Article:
Weight surveillance work (e.g., self-weighing on scales, social comparison) was informants’ most common form of weight-related work while growing up. Surveillance results instructed them on next steps, whether that be working to fit in (literally and figuratively) or resisting social conformity altogether. Informants’ bodies were monitored by nearly everyone around them: family, peers, educators, and healthcare providers. Informants learned how and why to do the work expected of them through social relations. Despite their (mostly) good intentions, surveillance by respected adults conveyed to informants that their self-worth depended on their weight. Biomedical, individuated health and weight discourses guided the enactment of institutional policies and practices in healthcare and education, such as those related to the Body Mass Index. These ruling discourses objectified bodies as normal or abnormal, healthy or unhealthy, good or bad.
Overall, study findings show how young people’s experiences of growing up in their bodies were predictably organized by dominant weight and health discourses, identifying possible levers for public health intervention.
While equality in healthcare implementation constitutes one of the precepts of the European Roma inclusion programs, health disparities are still one of the most problematic areas contributing to the marginality of residents in ‘Roma camps’. The implementation of the right to health and access to healthcare services and resources represents a major challenge in their everyday experience. If we consider citizenship as a set of natural and legal rights to be protected as a symbolic and material link between a nation-state and a subject either born there or formally belonging to its national community, healthcare emerges as a technology of government where such rights are challenged, limited, or denied. Based on an ethnographic work on the role of public healthcare in ‘Roma camps’, this contribution focuses on contemporary topographies of health in the city of Rome through the lens of Roma marginalization within its urban spaces. How do camps residents experience the city through their relationship with its healthcare resources? And how does the healthcare system become a powerful tool of exclusion? Healthcare access in an urban context is an illustration of the dialectics of political power, knowledge, and expertise as a crucial factor in the administration of marginalized groups. From this perspective, the analysis focuses on precarity in the urban healthcare landscape, and on what living in a ‘Roma camp’ means in terms of healthcare. Both dimensions interrogate citizenship as a set of rightful entitlements that includes access to state-provided medical services.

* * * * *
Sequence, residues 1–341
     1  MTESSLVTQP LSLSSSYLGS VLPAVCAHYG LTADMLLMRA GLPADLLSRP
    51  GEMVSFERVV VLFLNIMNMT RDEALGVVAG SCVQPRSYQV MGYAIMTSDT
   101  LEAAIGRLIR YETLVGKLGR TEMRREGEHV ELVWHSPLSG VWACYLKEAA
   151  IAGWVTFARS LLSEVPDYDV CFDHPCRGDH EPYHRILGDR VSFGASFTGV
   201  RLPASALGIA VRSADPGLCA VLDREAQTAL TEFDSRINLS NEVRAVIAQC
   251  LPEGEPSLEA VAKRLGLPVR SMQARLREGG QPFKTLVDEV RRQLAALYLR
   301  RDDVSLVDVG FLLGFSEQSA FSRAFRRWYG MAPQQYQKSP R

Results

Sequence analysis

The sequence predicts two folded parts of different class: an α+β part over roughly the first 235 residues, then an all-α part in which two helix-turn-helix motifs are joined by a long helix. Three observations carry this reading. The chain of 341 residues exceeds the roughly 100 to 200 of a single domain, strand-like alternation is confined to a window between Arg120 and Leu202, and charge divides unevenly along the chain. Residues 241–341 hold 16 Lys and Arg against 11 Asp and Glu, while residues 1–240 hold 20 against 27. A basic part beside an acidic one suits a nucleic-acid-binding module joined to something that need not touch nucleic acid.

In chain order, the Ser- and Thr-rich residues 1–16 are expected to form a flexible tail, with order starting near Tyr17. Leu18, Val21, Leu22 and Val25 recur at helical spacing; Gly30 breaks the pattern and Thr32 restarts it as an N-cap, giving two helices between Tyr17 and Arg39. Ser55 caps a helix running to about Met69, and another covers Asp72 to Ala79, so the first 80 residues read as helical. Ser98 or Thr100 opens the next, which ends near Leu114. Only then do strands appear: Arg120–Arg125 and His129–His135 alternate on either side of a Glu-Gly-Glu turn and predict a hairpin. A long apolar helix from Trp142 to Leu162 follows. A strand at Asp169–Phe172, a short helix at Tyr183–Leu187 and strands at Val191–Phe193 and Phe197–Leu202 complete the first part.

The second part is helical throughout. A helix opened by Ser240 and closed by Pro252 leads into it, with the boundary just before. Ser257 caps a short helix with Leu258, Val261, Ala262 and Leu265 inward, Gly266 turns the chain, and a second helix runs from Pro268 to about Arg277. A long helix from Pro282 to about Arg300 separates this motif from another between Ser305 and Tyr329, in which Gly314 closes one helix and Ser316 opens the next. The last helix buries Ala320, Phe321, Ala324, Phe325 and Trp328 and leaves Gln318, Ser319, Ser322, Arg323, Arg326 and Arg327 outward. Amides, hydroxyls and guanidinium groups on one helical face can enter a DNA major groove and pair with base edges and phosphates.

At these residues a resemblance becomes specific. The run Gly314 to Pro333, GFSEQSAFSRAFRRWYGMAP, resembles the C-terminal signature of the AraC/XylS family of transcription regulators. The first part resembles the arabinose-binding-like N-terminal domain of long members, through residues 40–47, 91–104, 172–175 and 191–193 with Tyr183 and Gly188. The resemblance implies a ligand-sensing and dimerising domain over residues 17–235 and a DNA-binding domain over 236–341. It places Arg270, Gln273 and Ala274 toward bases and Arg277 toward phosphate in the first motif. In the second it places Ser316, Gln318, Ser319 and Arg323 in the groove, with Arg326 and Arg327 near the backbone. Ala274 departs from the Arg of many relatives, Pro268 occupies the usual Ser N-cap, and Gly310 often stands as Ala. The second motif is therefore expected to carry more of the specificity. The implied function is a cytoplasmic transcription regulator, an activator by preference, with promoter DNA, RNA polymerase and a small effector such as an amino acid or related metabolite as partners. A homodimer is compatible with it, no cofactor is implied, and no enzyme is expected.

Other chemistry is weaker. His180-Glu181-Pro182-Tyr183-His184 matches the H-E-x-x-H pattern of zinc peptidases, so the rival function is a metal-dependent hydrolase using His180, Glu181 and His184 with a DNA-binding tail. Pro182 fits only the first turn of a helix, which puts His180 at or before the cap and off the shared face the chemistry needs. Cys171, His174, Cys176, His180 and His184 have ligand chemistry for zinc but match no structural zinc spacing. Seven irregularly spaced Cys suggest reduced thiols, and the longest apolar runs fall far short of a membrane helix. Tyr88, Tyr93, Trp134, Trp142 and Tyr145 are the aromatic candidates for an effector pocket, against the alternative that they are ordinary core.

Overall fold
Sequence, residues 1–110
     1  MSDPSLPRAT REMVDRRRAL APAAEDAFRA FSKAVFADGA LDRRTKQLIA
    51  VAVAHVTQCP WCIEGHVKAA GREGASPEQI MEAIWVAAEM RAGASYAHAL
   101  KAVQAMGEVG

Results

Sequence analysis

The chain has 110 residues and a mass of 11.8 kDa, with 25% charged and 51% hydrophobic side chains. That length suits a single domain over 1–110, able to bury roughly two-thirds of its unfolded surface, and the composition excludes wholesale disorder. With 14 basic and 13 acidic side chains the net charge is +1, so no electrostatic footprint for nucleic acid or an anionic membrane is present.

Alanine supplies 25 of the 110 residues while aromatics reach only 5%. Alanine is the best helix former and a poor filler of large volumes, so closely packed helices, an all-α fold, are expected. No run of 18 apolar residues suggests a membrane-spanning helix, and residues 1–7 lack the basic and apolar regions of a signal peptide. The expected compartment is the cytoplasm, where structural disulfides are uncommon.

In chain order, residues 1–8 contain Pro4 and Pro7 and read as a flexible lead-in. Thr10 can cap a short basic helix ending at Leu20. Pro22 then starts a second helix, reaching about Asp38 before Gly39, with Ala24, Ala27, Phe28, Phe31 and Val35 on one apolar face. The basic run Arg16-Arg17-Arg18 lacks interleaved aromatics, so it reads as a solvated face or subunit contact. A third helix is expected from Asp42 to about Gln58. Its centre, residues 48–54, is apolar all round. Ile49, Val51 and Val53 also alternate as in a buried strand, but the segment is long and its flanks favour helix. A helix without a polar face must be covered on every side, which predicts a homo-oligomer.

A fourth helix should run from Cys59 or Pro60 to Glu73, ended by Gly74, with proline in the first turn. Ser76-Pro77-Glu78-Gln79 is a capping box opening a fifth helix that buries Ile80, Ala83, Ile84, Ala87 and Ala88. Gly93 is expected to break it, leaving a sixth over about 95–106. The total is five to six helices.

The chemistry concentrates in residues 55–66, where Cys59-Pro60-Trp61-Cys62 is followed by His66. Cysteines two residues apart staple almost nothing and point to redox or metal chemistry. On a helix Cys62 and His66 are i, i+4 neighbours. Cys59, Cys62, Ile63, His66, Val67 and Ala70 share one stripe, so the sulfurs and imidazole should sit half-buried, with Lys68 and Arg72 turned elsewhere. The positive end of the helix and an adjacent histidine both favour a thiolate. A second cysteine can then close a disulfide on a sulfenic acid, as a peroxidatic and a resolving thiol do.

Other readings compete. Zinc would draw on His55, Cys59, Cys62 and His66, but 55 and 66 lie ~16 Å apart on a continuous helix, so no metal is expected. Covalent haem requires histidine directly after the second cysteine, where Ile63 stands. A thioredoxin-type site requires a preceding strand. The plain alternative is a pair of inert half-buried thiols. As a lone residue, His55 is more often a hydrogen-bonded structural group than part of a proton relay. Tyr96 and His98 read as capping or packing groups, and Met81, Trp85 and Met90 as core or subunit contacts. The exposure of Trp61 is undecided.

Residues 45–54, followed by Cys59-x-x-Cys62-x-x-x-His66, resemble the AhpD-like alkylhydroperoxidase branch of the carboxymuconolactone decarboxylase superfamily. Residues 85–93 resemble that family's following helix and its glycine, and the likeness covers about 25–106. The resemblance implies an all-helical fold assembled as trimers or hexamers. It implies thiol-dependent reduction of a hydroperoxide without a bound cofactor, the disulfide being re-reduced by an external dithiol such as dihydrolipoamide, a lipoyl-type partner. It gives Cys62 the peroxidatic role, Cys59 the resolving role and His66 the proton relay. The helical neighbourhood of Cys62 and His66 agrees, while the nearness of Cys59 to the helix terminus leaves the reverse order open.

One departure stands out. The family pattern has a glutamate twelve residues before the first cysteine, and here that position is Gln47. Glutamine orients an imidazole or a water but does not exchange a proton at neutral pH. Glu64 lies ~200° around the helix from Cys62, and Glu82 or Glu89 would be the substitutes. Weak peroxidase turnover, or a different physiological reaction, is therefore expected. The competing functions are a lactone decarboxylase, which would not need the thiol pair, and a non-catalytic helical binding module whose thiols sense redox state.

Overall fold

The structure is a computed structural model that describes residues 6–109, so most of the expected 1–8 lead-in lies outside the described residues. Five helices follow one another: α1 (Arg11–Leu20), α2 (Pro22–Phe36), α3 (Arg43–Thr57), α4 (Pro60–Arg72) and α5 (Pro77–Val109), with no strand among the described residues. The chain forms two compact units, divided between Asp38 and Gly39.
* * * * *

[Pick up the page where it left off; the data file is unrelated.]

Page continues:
Athanasia Daskalopoulou & Mark Palmer
Various mobile phone applications (hereafter apps) challenge instituted ways of working in healthcare. This study explores the institutional breaches arising from the use of apps in doctor-patient interactions. This paper argues that institutional breaches, however small, are important occasions for observing the contextual intersections between healthcare, regulation and technology in a hospital setting. Based on healthcare professionals’ normative judgements, the paper offers an empirically grounded understanding of institutional legitimacy-claiming; safeguarding responses deployed by the instituted regime, and the case-building responses deployed by the instituting persuaders. Institutional breach persistence arises from the moral dimension of legitimacy and is grounded in asymmetrical dynamics between two virtuous healthcare narratives. The paper concludes with a discussion of the contextual intersections between healthcare, regulation and technology, paying particular attention to institutional breaches as experimentation, the contestation of normativity and patterns of technology indulgency in healthcare work.